The Pig is an animal most troublesome to the Elephant, to such an extent that that huge beast only has to hear the noise of the pig’s grunting to set it in flight - something that an enemy’s missiles are incapable of doing: from which arises that silly comment of Mahomet (that evident and most damnable impostor), made to anyone in whom it could raise a laugh, that the Pig traced the accepted origin of its birth back to the dunghill of the Elephant in Noah’s ark, in olden times when the flood came [reading prodeuntis for prodentis], so that the one was born of the other’s shit. But that this is a joke, coming as it does from a man ignorant of the ways of nature, only confirms the unanimous consensus of the authorities: indeed, not to mention Pliny, Horapollo, Zoroaster, and Seneca, Aelian in his first book on animals, is ample witness that the elephant is terrified at the merest oink of a pig. It was because they knew this that the Romans emerged victorious from the battle against Pyrrhus king of the Epirots, since they drove the elephants of the king to flight by putting pigs in their way. Equally memorable and not to be lost in oblivion is the deed that was done by the Megareans, in the same author [p.71] (book xvi, ch. 36): when that city was hard-pressed in a very tight siege by Antipater of Macedon, and the battle was at its bitterest, the townsfolk first smeared some pigs all over in liquid pitch, and having put this to the flame, sent them, blazing, against the enemy army: whereupon the pigs, whose bodies were being consumed by fire, went tearing about all over the place, and being driven against the close-packed column of elephants with a fearful shrieking, threw the beasts into as it were a demented disorder and turned them to flight. This makes sense of the words of a historian which Suidas has preserved for us intact: “by forthwith dangling a pig from the howdah, they avoided the danger which threatened from the elephant since when the suspended pig shortly began making a dreadful squealing, the elephant, which couldn’t stand the noise, shuddered at it”. But it is a rather questionable point, and open to debate, whether there is some innate and genetic enmity between these animals, whose cause is unknown to the intelligence of mortal men; or whether it is in the elephants’ nature to loathe that raucous din and that noise that grates on the ears: and not knowing the answer to this, those who train the elephant calves, introduce them to pigs right from their earliest years, so that they can gradually overcome that hatred by getting used to the unpleasantness. St. Ambrose in his Hexameron seems to account for it in terms of the preferences given by nature to individual breeds of animal. [p.72] Foolish men, and those to whom wisdom is a stranger, are not the only ones that can be very aptly compared to pigs: chatterboxes absolutely can, and pettifoggers (not a bad name for them), who throw heaven and earth into confusion. Likewise the parasites, whose soul (like pigs) can seem to have been given in return for salt ; as Cleanthes once elegantly put it, if everyone had been exiled by kings, human affairs would be better managed. The picture needs to show the Elephant turning his head and curling his trunk in disgust: the Pig should stand shamelessly in the Elephant’s way, and with his face drawn back in a grin he utters his deceitful grunting.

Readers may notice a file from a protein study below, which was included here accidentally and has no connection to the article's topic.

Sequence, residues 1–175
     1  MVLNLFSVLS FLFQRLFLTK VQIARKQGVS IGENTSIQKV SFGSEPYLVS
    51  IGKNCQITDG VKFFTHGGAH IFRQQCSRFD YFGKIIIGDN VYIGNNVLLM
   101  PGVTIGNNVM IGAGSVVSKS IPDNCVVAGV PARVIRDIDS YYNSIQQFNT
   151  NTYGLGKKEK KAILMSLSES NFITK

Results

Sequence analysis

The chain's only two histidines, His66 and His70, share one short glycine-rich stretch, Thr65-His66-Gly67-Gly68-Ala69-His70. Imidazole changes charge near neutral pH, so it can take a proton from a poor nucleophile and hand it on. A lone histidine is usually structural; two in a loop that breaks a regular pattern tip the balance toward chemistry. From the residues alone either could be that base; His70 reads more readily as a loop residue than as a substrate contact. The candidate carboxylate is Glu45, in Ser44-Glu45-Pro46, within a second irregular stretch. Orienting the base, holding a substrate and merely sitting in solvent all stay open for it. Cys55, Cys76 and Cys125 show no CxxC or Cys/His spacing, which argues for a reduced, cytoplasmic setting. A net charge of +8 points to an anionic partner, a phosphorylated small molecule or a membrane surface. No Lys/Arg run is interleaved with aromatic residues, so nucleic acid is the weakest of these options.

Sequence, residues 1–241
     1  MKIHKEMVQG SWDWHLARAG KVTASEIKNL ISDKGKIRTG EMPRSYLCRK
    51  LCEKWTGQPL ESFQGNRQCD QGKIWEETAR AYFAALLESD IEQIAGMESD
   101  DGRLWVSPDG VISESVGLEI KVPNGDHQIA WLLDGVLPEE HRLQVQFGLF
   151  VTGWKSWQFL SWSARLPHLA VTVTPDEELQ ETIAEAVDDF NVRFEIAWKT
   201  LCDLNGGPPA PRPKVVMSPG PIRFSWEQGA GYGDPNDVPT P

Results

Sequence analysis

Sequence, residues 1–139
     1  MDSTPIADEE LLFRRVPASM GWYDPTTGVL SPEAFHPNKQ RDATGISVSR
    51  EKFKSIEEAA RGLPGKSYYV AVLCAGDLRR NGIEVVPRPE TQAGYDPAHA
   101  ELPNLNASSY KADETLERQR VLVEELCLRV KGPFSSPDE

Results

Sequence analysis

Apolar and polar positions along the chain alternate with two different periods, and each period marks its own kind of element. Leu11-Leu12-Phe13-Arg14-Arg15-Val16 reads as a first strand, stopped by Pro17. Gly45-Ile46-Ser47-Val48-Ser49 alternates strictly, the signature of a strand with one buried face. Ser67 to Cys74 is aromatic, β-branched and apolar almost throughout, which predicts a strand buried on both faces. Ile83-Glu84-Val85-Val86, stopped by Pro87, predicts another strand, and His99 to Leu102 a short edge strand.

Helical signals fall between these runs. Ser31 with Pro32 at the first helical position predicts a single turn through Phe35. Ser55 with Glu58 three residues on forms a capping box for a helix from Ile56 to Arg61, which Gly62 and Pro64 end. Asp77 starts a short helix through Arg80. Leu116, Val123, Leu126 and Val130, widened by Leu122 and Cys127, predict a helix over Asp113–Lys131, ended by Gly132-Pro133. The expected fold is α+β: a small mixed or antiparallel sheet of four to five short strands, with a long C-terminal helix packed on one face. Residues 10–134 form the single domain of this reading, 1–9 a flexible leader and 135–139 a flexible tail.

Notes:

1. Epodes, 15.1.

2. An encyclopaedia produced in Byzantium which preserves many scraps of knowledge and literary fragments from the ancient world. It was thought to have been written by Suidas.

3. Presumably meaning sold for wages; the word ‘salary’ comes from the word sal (salt).

4. The Stoic philosopher, pupil of Zeno and teacher of Chrysippus.

5. A highly obscure corrupt form of proboscis, found in the Notae Tironianae.